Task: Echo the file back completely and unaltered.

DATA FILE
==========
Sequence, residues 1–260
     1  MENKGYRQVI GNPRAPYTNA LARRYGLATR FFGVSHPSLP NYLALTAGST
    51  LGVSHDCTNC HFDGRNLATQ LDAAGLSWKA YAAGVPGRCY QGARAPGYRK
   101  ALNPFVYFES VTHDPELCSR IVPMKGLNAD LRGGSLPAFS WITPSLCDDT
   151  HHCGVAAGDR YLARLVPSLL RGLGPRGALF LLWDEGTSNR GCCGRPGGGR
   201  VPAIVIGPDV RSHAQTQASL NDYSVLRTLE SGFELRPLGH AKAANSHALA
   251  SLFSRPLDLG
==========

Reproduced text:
Sequence, residues 1–260
     1  MENKGYRQVI GNPRAPYTNA LARRYGLATR FFGVSHPSLP NYLALTAGST
    51  LGVSHDCTNC HFDGRNLATQ LDAAGLSWKA YAAGVPGRCY QGARAPGYRK
   101  ALNPFVYFES VTHDPELCSR IVPMKGLNAD LRGGSLPAFS WITPSLCDDT
   151  HHCGVAAGDR YLARLVPSLL RGLGPRGALF LLWDEGTSNR GCCGRPGGGR
   201  VPAIVIGPDV RSHAQTQASL NDYSVLRTLE SGFELRPLGH AKAANSHALA
   251  SLFSRPLDLG